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Moreover, does every fashion, in its distinctiveness, display contempt towards our fellow citizens from whom we are distinguishing ourselves?In other words, does fashion imply a relationship between social envy and contempt? this quiet personal usurpation of the envied property contains a kind of antidote, which occasionally counter-acts the evil effects of this feeling of envy." (F, p.Georg Simmel's famous article on Fashion, published in 1904, is reviewed, and it is proposed that his analysis, especially in as much as it highlights the roles of both imitation and the need to make distinctions has contemporary relevance to simulation models and to mimetics.
Every economic choice is bound not only to the pure computational rationality of individuals, but is influenced by "irrational" factors, i.e.
by social imitation and by what Simmel calls the "need for distinction", which is the contrary of imitation.
But social life changes in so far as the balance between the socialising force and the de-socialising force is always unstable and provisional.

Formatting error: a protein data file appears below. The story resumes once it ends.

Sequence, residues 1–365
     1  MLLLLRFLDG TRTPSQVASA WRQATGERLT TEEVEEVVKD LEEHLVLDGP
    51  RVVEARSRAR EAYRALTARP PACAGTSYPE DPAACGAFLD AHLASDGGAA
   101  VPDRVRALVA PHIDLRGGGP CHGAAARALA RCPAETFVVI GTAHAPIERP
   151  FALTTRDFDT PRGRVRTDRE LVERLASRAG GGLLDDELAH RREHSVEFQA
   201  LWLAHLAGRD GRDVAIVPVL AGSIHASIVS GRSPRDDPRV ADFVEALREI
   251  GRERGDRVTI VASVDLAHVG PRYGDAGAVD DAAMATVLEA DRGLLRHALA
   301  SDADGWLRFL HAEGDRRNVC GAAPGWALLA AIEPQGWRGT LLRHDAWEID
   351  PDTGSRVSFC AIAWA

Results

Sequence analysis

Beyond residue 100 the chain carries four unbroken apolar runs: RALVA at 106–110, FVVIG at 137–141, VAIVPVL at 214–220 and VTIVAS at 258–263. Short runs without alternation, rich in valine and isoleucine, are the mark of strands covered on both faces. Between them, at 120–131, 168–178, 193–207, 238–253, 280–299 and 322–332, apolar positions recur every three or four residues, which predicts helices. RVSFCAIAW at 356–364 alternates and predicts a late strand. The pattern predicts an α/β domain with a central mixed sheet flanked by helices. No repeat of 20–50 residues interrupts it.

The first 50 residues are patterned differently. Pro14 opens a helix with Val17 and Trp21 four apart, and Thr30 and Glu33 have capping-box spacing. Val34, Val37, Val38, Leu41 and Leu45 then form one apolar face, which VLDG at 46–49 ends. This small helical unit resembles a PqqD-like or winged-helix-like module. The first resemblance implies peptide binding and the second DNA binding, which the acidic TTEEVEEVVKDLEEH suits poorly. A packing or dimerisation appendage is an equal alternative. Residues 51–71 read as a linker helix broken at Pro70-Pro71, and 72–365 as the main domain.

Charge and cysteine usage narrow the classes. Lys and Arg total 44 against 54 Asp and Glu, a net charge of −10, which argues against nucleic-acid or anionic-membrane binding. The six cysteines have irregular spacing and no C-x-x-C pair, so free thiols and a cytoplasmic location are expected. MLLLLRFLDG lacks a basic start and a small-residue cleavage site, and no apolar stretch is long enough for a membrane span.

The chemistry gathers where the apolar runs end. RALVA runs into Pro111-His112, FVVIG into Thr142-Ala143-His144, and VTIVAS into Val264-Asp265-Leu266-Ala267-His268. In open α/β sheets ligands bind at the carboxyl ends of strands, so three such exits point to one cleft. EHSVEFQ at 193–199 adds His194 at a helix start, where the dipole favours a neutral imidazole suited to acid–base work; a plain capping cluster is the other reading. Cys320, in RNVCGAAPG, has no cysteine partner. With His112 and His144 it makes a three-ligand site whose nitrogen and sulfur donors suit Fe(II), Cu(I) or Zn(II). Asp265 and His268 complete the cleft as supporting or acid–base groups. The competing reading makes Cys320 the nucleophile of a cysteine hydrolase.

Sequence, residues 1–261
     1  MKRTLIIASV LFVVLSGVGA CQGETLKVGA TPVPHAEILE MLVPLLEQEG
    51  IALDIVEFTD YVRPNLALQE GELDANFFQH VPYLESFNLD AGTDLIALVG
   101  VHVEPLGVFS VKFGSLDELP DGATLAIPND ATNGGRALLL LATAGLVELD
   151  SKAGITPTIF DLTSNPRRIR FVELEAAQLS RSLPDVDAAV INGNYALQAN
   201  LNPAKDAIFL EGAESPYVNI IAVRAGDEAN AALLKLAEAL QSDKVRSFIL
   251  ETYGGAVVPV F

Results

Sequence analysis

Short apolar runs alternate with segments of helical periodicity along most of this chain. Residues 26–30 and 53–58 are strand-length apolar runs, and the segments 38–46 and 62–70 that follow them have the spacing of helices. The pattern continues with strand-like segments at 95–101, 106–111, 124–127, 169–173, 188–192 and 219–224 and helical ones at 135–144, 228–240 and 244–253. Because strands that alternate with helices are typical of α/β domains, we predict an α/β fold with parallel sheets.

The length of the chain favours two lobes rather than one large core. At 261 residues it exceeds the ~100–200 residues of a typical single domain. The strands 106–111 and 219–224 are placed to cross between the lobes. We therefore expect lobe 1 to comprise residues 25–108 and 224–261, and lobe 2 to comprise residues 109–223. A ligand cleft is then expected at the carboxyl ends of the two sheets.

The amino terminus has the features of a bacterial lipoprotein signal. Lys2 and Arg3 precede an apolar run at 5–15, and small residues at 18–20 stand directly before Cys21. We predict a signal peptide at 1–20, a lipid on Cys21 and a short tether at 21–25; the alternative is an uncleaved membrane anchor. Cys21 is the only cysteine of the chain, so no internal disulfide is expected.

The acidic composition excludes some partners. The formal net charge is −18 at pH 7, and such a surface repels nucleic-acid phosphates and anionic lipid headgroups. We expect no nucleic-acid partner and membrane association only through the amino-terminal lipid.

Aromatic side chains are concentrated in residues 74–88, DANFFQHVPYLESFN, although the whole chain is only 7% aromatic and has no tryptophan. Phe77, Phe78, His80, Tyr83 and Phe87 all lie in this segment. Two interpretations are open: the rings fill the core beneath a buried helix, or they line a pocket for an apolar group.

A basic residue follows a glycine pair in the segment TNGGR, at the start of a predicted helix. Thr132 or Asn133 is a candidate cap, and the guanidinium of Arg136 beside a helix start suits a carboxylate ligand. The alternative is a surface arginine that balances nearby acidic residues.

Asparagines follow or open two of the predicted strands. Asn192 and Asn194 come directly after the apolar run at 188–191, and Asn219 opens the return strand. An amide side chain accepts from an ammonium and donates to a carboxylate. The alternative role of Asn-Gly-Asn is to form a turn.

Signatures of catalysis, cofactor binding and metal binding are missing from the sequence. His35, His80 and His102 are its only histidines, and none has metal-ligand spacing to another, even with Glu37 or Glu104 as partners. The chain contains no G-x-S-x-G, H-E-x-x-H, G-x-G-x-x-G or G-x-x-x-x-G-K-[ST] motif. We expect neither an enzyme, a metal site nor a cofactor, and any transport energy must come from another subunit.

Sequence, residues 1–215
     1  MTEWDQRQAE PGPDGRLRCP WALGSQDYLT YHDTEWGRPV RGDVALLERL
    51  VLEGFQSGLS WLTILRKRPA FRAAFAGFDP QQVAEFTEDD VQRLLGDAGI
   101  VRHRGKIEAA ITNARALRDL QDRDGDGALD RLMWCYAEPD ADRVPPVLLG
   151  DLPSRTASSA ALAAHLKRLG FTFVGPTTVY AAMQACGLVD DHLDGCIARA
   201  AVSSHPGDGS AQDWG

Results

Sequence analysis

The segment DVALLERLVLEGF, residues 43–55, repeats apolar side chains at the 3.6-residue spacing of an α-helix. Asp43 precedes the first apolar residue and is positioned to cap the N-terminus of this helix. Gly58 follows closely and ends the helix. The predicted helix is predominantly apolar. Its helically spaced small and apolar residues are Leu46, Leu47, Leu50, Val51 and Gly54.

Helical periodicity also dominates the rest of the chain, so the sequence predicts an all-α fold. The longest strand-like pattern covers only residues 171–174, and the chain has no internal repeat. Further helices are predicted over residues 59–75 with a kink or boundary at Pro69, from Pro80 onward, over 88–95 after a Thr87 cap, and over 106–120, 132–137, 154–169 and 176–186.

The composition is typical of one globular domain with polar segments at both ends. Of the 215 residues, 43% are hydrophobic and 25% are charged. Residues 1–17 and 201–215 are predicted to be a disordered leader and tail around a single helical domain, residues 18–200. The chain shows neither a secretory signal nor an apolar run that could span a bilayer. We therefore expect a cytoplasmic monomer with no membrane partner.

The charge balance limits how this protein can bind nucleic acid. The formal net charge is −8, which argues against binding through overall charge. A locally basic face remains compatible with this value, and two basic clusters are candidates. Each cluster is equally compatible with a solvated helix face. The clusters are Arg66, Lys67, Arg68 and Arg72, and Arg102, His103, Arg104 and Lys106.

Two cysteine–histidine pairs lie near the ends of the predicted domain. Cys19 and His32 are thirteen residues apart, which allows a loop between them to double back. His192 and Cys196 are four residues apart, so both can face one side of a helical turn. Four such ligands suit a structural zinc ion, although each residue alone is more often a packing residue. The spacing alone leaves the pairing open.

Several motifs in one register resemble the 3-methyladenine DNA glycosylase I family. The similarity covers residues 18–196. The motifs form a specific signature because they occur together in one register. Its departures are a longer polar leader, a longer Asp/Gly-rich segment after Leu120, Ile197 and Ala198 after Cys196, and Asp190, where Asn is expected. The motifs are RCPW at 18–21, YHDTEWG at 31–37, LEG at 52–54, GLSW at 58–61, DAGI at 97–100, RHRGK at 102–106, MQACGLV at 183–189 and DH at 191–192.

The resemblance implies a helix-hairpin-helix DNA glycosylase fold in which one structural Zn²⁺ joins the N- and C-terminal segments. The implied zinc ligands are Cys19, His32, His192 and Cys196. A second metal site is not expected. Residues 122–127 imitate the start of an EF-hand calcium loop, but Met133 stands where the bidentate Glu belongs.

Fashion is an example of the way in which actual social life always includes in some way its own opposite, an asocial life.
On one hand, each of us has tendency to imitate others.
On the other, we also have a tendency to distinguish ourselves from others.Except that while in economics the "reverse bandwagon effect" is limited to a specific series of commodities, in fashion this effect is generalised and constitutive of the fashion itself.We can say that what we call fashion - a fast change of cultural features - is basically anything which fundamentally depends on the game of bandwagon and reverse bandwagon, on imitation and distinction.Thus, moving down from one level to another, in a short space of time this skirt no longer distinguishes the upper class girls, since everyone is wearing cheap imitations.So the girls from the upper classes will once again have to look for something else to distinguish themselves, which will once again be imitated, and so the cycle will goes on.A game which does not concern just a small portion of consumers - the snobs - but all or nearly all members of a culture.Do we thus imitate persons who we admire and/or envy because we perceive them to be superior?Undoubtedly, some of us tend more towards imitation (and thus to conformism) while others tend to distinction (and thus to eccentricity and dissidence), but fashion's flux needs both of these contradictory tendencies in order to work.In short, Simmel argues that we need to postulate two radical drives which he attributes to human nature.Economists also talk about a "bandwagon effect" when a product is sold more because of simple imitation.But there is also a "reverse bandwagon effect", when a "snobbish" consumer stops buying a product because too many others are buying it.